Walkers and Climbers Enjoy the Munros of Scotland
Scotland is famous for its lochs and mountains which have made it one of the most beautiful countries in the world. The mountain ranges have their own Scottish names and the peaks over 3000 meters in height are known as munros. There are nearly 300 munros in Scotland and hill walking and climbing these peaks is a favorite pastime in Scotland. In fact the ‘sport’ is called munro bagging and serious climbers aim to ‘compleat’ them or bag them all. This may take a few weeks or even decades depending on how often you go hill walking.
The mountains may not be very high by world standards but climbing them or hill walking can be very arduous. The weather play a key role in the success and efforts involved as often one walks in high wind, thick fog or driving rain. Among the famous peaks are Ben Nevis which is the highest peak in Scotland and Lochnagar near the Royal Balmoral Castle. Almost all the munros can be climbed without special mountaineering skills or experience. The exception is Sgurr Dearg on Skye with its Inaccessible Pinnacle.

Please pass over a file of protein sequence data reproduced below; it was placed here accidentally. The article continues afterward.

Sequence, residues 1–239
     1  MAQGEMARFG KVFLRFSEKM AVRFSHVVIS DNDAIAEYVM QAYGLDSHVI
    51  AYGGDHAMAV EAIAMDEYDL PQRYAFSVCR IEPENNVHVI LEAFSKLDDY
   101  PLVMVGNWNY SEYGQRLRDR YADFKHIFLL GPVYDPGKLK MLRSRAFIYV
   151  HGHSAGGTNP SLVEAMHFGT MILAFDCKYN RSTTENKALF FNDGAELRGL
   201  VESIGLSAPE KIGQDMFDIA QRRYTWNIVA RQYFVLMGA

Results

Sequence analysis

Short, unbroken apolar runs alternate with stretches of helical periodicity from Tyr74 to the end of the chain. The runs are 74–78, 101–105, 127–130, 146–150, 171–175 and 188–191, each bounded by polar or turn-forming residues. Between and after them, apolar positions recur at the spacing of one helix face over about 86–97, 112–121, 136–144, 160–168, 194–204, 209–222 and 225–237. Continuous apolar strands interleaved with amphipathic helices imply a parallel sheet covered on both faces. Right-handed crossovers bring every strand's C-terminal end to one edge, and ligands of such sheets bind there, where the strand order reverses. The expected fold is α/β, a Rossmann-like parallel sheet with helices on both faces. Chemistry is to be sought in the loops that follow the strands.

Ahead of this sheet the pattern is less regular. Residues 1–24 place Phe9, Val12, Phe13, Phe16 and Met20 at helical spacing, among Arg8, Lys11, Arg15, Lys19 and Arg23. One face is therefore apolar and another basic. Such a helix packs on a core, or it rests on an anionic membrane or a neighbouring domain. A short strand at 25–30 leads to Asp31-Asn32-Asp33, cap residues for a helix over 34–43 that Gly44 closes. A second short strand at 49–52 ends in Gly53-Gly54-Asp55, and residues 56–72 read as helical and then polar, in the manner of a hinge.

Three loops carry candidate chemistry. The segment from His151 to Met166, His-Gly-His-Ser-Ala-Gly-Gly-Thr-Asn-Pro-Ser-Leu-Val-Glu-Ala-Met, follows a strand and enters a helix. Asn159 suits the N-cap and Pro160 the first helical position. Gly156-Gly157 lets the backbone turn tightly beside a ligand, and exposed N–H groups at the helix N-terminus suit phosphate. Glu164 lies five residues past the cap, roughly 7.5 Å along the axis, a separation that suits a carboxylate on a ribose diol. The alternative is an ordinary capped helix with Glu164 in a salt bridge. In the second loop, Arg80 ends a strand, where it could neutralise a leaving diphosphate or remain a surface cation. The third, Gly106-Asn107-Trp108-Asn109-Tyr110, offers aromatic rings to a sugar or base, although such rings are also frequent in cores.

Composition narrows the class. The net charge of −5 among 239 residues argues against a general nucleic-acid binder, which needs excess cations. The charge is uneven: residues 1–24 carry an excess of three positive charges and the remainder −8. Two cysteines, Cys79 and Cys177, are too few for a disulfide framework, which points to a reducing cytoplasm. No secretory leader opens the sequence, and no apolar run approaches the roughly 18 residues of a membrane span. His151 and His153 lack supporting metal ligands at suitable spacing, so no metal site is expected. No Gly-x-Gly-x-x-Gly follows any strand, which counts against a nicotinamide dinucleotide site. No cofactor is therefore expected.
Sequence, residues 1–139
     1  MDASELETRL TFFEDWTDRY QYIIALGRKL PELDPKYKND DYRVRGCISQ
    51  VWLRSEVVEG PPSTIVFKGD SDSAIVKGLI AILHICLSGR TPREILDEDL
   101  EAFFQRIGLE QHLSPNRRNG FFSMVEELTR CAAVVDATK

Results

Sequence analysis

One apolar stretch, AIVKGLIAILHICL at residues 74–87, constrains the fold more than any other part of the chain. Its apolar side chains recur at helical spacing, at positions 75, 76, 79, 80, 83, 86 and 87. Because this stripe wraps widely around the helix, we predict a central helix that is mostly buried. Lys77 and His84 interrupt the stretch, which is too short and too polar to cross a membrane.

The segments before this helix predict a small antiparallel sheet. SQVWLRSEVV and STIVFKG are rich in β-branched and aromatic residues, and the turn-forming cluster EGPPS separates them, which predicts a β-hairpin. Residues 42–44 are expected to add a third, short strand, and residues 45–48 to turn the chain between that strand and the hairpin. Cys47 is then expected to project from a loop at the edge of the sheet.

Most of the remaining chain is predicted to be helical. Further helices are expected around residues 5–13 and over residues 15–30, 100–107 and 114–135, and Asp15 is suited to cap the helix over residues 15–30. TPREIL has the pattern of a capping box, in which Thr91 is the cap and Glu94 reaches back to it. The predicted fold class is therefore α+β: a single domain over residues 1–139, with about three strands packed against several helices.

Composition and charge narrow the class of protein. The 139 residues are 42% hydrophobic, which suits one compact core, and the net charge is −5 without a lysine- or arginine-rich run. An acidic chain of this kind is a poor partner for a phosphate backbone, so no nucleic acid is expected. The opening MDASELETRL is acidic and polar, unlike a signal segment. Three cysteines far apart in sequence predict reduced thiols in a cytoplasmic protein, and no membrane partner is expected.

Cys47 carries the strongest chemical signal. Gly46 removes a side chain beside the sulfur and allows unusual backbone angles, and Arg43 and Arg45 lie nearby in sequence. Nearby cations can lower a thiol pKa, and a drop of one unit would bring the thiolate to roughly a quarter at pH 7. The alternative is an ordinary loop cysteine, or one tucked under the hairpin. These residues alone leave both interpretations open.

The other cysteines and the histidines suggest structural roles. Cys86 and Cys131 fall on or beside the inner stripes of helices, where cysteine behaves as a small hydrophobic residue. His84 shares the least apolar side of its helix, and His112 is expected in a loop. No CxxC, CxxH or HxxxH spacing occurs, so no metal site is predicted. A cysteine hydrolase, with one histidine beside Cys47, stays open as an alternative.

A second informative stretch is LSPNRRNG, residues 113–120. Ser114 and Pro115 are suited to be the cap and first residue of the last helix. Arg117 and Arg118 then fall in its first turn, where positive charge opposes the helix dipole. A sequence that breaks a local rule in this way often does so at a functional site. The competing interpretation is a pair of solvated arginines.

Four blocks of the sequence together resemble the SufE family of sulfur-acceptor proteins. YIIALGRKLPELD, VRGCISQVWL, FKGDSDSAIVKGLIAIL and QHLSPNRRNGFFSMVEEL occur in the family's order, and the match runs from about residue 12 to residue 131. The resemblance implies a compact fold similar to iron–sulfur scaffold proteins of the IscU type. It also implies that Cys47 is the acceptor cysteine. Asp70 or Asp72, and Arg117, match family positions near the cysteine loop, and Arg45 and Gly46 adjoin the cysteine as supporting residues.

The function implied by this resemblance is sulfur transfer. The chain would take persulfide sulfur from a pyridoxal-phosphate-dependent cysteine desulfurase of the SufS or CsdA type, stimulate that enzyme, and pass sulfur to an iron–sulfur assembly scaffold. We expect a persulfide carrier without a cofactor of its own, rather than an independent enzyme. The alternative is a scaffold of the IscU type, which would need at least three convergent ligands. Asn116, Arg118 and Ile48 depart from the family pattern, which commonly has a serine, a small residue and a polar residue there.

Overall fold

There are several convenient routes that people take when they go on walking holidays that involves munro bagging. A popular one is to walk along the West Highland Way that runs from the Glasgow suburb of Milngavie to Fort William at the foot of Ben Nevis. One can easily bag twenty munros on this route. It is advisable to walk the West Highland Way from south to north. This way the sun will be behind you for most of the route and any wind and rain you may encounter will be behind you or coming from your left-hand side rather than in your face.
Another method is to divide Scotland in several convenient regions such as ‘North of the Great Glen’ and ‘South of the Great Glen’ the great glen being the region from Fort William to Inverness. There are several kinds of accommodation available en route from camping sites and youth hostels to hotels and B&B s. One can plan the walks to end up at one of these every night.